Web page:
For this Halloween season, we decided to catch up with one of our favorite creators, Neal O’Bryan. A year ago, we interviewed Neal about his stop-motion film project Toe, using the Sigma Art line.
Excerpt from Original Interview:
This week we have the opportunity to learn from a filmmaker who’s combining modern-day scares with traditional stop motion animation. As an artist, Neal O’Bryan focused his talents primarily on still photography before returning to filmmaking to combine his passion of the two. We eagerly reached out to Neal once we learned about him using the SIGMA Art lenses on his stop motion rendition of Toe, the classic American folklore tale made popular again with its inclusion in the Scary Stories to Tell in the Dark book series. After hearing how enthusiastic we were about his project, he was more than happy to give us his take on this 18 month-long production.
Out of all the different styles of animation for this story, why stop motion?
Stop motion has always been of great interest to me. Growing up, I was in awe at works such as The Nightmare Before Christmas and Rudolph the Red Nosed Reindeer. I can remember my older brother showing me Clash of the Titans and The 7th Voyage of Sinbad which were loaded with fantastic Ray Harryhausen stop motion. I’m very nostalgic when it comes to films, most of the movies I gravitate towards are from the 80s or older. I love the visual aesthetic of Universal monster movies, the storytelling of The Twilight Zone and the world building of Jim Henson. I find older films that make use of practical effects to be much more exciting and magical. Stop motion is a perfect medium for my tastes because everything is tactile and hand made.
How did SIGMA lenses help to execute your vision?
One of the perks of stop motion is you get to take digital still images which are much higher in resolution than standard video. That means each frame of our film can take full advantage of the dynamic range and sharpness of the SIGMA lenses. We knew we wanted Toe to have a rich, contrasty and textured look, and the Art lenses allowed us to capture that. The sharpness of the lenses showed every scratch in the wood and speck of dirt on the characters face. The F1.4 aperture was great for when we needed a shallow depth of field to give our film that gorgeous “cinematic” look.
CLICK HERE to read the entire interview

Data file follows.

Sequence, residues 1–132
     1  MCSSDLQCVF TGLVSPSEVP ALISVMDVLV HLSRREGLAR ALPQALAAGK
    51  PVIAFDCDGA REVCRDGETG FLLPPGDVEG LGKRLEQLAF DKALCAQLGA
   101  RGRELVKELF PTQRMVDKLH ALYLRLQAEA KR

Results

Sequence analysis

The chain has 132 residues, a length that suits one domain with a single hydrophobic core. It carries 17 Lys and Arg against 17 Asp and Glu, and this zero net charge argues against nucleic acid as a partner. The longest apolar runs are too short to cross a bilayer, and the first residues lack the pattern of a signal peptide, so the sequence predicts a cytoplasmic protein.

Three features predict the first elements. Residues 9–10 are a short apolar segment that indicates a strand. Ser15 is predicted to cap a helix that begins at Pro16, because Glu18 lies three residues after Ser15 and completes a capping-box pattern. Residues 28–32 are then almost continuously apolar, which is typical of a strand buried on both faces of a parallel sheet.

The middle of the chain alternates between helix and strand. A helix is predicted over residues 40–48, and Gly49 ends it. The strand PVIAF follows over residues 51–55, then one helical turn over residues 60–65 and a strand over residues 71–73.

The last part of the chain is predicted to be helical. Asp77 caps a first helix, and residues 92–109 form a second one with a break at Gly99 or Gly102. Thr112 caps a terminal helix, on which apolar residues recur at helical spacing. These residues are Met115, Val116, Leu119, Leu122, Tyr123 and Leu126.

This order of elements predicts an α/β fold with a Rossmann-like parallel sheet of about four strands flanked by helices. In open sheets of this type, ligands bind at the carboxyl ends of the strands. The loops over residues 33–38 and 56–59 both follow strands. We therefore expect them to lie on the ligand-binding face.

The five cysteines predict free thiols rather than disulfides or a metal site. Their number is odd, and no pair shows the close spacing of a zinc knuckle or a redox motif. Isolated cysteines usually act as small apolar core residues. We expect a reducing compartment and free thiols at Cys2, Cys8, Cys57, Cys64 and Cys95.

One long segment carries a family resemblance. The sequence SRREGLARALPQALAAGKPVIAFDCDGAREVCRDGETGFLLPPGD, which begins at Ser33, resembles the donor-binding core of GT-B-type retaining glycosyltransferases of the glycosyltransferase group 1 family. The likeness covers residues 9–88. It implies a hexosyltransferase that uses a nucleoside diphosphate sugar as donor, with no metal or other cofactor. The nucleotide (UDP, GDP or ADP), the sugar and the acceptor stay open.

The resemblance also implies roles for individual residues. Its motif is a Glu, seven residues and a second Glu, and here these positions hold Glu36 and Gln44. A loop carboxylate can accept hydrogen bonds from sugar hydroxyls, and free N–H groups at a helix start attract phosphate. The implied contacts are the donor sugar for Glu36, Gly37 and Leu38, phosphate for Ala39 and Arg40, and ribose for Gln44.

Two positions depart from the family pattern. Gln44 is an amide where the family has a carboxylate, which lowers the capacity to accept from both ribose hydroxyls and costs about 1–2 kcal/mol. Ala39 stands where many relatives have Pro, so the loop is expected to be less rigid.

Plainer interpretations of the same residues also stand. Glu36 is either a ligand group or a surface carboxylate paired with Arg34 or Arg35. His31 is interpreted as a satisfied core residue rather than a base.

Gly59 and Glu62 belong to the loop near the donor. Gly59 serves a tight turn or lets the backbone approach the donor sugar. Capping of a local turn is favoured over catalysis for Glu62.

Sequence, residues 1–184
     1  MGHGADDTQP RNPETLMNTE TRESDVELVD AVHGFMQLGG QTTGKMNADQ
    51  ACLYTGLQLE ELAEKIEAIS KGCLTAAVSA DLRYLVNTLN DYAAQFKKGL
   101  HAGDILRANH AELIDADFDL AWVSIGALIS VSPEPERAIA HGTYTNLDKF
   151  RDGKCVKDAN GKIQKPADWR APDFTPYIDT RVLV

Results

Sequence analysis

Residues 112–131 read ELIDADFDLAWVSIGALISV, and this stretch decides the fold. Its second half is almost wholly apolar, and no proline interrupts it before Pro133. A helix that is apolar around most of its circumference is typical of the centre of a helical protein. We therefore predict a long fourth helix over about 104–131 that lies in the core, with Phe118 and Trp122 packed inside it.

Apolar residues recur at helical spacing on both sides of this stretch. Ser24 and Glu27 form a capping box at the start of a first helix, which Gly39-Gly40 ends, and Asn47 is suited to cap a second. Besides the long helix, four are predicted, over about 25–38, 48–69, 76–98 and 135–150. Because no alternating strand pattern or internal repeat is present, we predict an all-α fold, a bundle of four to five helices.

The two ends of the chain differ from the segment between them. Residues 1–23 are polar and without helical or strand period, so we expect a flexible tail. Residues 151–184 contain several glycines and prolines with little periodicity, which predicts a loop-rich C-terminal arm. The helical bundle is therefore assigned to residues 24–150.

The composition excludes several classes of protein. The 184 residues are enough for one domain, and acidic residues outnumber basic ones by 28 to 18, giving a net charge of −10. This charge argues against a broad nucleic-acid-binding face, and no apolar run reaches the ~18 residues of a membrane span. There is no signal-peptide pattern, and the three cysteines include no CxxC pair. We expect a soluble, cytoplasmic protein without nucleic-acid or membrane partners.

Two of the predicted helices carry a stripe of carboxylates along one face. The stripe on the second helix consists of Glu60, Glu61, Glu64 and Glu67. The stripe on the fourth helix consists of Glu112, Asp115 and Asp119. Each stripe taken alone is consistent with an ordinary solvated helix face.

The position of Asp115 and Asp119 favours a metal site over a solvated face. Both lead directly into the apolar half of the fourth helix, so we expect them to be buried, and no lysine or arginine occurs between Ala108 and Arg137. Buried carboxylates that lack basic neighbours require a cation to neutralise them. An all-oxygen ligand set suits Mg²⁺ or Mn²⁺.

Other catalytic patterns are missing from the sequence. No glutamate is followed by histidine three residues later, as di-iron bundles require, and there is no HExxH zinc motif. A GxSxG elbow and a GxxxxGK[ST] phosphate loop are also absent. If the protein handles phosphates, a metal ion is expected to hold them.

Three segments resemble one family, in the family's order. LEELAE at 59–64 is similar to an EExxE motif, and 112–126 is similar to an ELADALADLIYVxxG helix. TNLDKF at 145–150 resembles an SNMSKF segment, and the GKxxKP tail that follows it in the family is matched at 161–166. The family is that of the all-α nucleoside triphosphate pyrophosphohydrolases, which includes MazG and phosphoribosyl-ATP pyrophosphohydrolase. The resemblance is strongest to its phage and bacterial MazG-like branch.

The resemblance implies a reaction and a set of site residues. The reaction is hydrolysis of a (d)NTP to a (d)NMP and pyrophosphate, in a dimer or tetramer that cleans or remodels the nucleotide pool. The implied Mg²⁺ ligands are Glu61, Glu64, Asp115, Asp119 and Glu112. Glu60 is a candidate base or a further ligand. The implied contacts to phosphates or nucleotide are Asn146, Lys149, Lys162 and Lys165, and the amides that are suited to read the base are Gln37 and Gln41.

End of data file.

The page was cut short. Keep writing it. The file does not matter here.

Update from Neal O’Bryan
Toe finished its festival run and we were honored to have been selected to screen at Raindance and Frightfest in London, Telluride Horror Show and even managed a showing at Chicago’s historic Music Box Theater. Toe is currently being streamed on Youtube by ALTER and Cranked Up Films and is available on Amazon Prime.
This weird short film taught us so much about stop motion animation and we fell in love with the process so much that we created a production company called Workshed Animation. By the end of making the movie we were itching to do something bigger and better. After taking some time off from filmmaking, we set our sights on a more ambitious project and significantly longer than Toe.
We are currently in pre-production for a stop motion feature film inspired by an Edgar Allen Poe novel which takes place on a 19th century whaling ship. We spent nearly a year reading as many textbooks and online articles pertaining to whaling, ghosts and superstition as we could get our hands on and are so excited to tell this tale. It’s a story that is large in scale but we have taken to the internet to find people to help us bring this vision to life. We have puppets being made from artists in the U.S. and abroad and are looking to expand our collaboration even more as we get closer to production. Our plan is to film the opening scene as a proof of concept and run a Kickstarter to raise funds for the rest of the film. We are also going to document the process of making a feature film on our social media accounts.
You can follow the movie at @workshedanimation on Instagram and @workshedanimate on Twitter.